Now that I finally had time to read Jgraham's last post and to write up this little response, I figured I'd post it here in a Fanpost and save you all the potential wall of text that it would be if I decided to make this a comment.I've been a Red Wings fan for a long portion of my life, and even if I had been born into it from my first day on earth, I still would not be old enough to have seen the Red Wings miss the playoffs. Considering that phenomenon hasn't happened in my life, I don't quite know exactly what I'd feel besides anger, frustration, and a fuck-it-all attitude, at least for a few days (or months).
I begrudgingly agree, however, that a time will come that this playoff streak will come to an end. Be it next year or some other time in the next decade, the Red Wings will miss the playoffs, hopefully for only a short while, and we can appreciate a trip to the postseason that much more after our hopefully brief absence.
I generally consider myself to be an optimistic person when it comes to sports and my favorite teams. Until the Red Wings are mathematically eliminated from the playoffs, I refuse to think that they will miss, despite how likely it would be based on projections. So while I can see Jgraham's point about the kind of situation I'd rather see the Red Wings in if we did miss the playoffs, I still can't quite agree with ever being ok with missing the playoffs.
Think about the different kinds of teams. You have the Calgary Flames nightmare where the ceiling is only so high as maybe making the playoffs and possibly winning a round, but never anything more. If the Red Wings don't do anything to improve the current lineup (even after possibly adding Carlo Colaiacovo--I'm probably the only person who likes typing that name out), that's potentially the nightmare scenario this kind of lineup is headed for based on quality.
But what if the Red Wings do miss the playoffs?
Honestly, should that nightmare occur in real life, I think the situation we'll find ourselves in as fans would be supporting a team that fell off the wayside. It would be like if the team last season, the team that won 23 straight home games (should have been at least 24 if not for a terrible icing call--still bitter), missed the playoffs. On paper, it's a lock, but in reality, we're locked out of the Stanley Cup tournament.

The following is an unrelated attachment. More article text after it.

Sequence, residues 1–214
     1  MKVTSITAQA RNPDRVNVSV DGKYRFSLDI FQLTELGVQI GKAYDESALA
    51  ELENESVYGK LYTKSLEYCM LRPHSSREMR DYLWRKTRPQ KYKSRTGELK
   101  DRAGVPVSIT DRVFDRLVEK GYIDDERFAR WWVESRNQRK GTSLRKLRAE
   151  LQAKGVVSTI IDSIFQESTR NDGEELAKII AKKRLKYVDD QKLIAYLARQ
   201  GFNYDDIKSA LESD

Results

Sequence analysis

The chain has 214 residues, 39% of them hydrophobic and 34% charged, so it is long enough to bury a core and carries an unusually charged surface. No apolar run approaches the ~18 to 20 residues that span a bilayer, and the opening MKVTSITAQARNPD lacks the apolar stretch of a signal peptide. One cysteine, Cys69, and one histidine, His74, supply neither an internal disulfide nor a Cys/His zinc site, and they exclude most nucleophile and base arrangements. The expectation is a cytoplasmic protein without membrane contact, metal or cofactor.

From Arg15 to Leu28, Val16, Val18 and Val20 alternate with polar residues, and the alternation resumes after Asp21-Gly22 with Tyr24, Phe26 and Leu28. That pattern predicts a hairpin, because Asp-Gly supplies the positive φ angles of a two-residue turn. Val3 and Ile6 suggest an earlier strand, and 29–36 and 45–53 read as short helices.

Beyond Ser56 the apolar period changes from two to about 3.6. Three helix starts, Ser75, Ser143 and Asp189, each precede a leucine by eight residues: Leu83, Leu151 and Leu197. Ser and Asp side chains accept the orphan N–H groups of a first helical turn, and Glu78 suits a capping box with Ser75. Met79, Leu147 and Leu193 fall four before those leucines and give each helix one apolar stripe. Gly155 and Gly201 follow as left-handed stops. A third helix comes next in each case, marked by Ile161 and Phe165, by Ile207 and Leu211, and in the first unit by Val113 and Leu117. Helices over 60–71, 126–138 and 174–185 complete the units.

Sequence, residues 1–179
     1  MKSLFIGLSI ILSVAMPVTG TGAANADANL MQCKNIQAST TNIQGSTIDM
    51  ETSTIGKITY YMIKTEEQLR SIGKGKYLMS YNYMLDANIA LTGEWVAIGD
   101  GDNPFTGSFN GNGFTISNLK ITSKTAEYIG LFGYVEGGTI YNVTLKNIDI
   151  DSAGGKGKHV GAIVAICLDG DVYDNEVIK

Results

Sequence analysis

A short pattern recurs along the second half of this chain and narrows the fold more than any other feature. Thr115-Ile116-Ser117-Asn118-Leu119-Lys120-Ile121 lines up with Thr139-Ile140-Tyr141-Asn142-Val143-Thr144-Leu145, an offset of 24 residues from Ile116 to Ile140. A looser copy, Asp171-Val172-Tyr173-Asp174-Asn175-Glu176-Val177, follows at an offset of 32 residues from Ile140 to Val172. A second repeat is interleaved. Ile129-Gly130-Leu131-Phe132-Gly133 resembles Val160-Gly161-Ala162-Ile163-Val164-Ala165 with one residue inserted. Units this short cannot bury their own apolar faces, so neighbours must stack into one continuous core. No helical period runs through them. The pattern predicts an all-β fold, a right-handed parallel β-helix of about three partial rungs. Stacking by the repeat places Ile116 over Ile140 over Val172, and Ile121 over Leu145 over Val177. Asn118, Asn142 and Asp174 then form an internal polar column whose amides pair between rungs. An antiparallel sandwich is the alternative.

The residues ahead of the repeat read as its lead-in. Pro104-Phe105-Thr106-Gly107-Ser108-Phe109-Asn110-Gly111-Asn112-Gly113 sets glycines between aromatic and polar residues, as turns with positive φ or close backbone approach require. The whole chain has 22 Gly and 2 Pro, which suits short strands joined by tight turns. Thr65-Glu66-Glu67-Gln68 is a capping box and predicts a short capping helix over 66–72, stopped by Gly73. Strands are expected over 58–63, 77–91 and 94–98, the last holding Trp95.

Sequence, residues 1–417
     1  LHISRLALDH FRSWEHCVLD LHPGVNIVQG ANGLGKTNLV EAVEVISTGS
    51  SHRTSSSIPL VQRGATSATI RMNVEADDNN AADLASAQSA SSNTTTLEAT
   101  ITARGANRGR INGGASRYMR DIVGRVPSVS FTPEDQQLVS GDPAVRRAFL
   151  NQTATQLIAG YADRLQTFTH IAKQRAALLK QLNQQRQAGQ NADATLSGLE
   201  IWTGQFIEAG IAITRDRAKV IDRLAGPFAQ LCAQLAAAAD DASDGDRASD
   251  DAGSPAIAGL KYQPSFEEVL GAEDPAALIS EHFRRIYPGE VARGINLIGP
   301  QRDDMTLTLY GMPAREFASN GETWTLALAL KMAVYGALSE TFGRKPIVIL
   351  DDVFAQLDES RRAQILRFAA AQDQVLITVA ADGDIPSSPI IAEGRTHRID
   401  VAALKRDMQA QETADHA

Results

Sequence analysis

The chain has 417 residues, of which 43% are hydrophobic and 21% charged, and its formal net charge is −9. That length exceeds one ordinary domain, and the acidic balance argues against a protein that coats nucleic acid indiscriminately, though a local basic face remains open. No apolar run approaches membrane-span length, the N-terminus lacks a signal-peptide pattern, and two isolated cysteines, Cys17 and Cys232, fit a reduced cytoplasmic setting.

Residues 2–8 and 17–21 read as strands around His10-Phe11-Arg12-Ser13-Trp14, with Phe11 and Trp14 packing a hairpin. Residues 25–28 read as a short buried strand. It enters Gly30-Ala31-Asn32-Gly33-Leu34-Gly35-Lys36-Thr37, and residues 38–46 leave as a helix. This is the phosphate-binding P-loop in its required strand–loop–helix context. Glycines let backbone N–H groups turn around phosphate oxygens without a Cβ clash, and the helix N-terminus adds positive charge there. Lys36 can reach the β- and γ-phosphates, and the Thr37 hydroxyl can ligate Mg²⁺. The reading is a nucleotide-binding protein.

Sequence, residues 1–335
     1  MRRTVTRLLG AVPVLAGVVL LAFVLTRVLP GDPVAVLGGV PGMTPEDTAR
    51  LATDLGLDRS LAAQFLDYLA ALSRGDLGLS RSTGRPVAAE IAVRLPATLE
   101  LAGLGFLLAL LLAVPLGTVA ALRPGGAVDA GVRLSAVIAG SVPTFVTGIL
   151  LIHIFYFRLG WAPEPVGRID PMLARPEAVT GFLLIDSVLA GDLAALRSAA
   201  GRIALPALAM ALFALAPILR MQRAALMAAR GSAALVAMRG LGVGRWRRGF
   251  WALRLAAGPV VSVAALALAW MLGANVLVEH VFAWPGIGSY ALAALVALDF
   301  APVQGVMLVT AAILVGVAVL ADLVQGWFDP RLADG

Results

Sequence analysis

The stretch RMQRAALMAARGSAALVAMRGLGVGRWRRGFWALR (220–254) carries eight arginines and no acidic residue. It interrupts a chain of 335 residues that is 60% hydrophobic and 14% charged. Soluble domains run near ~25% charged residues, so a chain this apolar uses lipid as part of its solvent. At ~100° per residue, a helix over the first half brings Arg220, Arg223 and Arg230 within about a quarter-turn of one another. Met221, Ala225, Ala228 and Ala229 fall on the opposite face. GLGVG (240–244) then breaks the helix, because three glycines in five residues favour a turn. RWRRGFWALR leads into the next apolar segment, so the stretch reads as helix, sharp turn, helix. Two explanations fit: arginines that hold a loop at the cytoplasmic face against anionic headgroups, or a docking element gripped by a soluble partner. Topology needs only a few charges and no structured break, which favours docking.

I don't think Red Wings management is incompetent enough to bring in a slew of players past their prime, up to and including the trade deadline, and create a roster that won't at least make the playoffs, even if the age factor means they don't make any noise. Of course I'd be disappointed to see veterans past any semblance of being worth keeping around and projects that don't pan out, but I just don't think, with the trade deadline and the possibility to bolster up for a stretch run to make the playoffs or potentially correct early season poor streaks, the Red Wings would ever see that kind of situation.
Consider the opposite scenario: the Red Wings missed the playoffs, but they have a bunch of young kids playing who give us a glimpse of the future and what they could do with some experience under their belts. But what exactly leads to this scenario? I think of the Toronto Maple Leafs and the constant end-of-season runs they've gone on that made them think that next year will be a better year. But how does something like that happen? The team goes on a terrifyingly bad run and loses all hope of a playoff spot. That's not a team I want the Red Wings to become. Whether it's the players or the coach or the GM who swings a trade, while it's still possible, I want to be gunning for that playoff berth. I never want to see the Red Wings resign the season just to bring up a bunch of young talent so they can get experience. If the trade deadline passes, and there's no hope and the Red Wings are mathematically out by February or March, then I can cope with it then, maybe (it's not exactly easy to deal with missing the playoffs), but I'll cross that bridge when I get to it.
Also within the youth concept, I think of the Edmonton Oilers who've been stockpiling youth and talent and are just waiting and hoping for it all to come together. They're the more recent and more talked about example, especially since they've had three straight first overall draft picks. But if the Red Wings ever do decide to go with a youth movement (or rebuild), then I would definitely prefer to go for a Los Angeles Kings model: have a GM with a vision (Dean Lombardi) and acquire players and assets to build around. Not just players like Jonathan Quick and Anze Kopitar and Drew Doughty, but also acquiring picks like crazy to draft players and acquire needs in trades. Building up assets is the name of the game.
Of course, this also puts scouting on notice. Player projections are incredibly difficult to project, and acquiring impact players when the Red Wings never pick in the top 10 piles on even more challenges. But thinking of the Red Wings current situation, how much better would you feel if more than just Brendan Smith could step into the lineup and make an impact? Even more, think of how much better the situation on defense would be if another player had been projecting to be a solid top-4 coming into this season. Hopefully it's Ericsson or Kindl or both.
Whatever it takes, I sure as hell don't want to miss the playoffs.